What is hepatitis A?
This is a viral disease that affects the liver. Symptoms include fever, chills, weakness, loss of appetite, nausea and abdominal discomfort, followed within a few days by jaundice (yellowing of the skin and the whites of the eyes). The urine may become dark and the stools pale. Many infections, particularly in children, are mild. Occasionally, jaundice may be severe and liver failure may occur. In general, severity of the disease increases with age. Past infection with hepatitis A gives life-long immunity.
How do you contract hepatitis A?
In the U.S., the Centers for Disease Control says person-to-person transmission through the fecal-oral route (ie, ingestion of something that has been contaminated with the feces of an infected person) is the primary means of HAV transmission. Most infections result from close personal contact with an infected household member or sex partner.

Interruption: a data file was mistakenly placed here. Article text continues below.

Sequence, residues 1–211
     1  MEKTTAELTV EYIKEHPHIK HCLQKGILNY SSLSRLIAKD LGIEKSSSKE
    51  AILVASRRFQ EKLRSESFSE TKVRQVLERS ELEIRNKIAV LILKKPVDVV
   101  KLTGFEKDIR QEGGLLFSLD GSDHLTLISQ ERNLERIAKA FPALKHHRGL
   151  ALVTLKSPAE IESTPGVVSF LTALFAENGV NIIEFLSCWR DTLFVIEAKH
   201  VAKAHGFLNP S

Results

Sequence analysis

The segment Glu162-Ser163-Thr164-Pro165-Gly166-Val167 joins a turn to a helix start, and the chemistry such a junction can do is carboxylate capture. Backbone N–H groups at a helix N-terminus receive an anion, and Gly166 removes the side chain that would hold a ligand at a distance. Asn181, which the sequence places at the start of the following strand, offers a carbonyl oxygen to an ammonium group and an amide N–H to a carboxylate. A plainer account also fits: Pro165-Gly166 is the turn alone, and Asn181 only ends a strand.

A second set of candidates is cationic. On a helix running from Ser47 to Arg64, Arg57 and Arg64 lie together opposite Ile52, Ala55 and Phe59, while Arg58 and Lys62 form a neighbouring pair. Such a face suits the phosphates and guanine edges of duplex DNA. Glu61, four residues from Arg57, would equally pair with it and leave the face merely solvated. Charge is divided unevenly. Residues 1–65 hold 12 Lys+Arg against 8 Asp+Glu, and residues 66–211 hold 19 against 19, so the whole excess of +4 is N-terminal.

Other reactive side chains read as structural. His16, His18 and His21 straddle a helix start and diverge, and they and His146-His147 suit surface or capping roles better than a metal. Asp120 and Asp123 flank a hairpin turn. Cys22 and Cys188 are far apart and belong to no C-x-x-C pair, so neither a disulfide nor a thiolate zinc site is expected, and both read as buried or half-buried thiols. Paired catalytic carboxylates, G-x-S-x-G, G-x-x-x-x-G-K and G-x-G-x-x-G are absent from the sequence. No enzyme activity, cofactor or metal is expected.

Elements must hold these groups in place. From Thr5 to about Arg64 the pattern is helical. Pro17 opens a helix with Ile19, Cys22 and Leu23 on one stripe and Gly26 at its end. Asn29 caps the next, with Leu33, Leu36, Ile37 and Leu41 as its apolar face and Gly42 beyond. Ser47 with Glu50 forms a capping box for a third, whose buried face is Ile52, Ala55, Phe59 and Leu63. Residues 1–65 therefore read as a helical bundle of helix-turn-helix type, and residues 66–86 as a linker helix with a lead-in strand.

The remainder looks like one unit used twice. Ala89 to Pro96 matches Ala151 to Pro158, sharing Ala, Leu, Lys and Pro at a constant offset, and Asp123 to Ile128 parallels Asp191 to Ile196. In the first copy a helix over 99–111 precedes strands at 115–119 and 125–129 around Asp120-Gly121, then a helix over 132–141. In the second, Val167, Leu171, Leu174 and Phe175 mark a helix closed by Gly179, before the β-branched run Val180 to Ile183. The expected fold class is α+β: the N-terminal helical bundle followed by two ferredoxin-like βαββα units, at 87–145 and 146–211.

The disease is also commonly associated with eating and drinking contaminated food and water. Outbreaks are often linked to raw or undercooked shellfish and raw vegetables. The disease occurs worldwide, but is more common in developing countries with poor sanitation and overcrowding. The incubation period is approximately 28 days, ranging from 15–50 days.
How is hepatitis A diagnosed?
A blood test for specific hepatitis A antibodies is necessary to confirm diagnosis.
How is hepatitis A treated and prevented?
There is no specific treatment, but travelers can minimize the risk of exposure to hepatitis A by avoiding contaminated food and water. A blood test is available to detect hepatitis A antibodies for those who have a history of jaundice or who have lived abroad in endemic areas for long periods. Effective vaccines (Havrix, Twinrix) are available which provides virtually 100% protection.
Last Reviewed: June 2013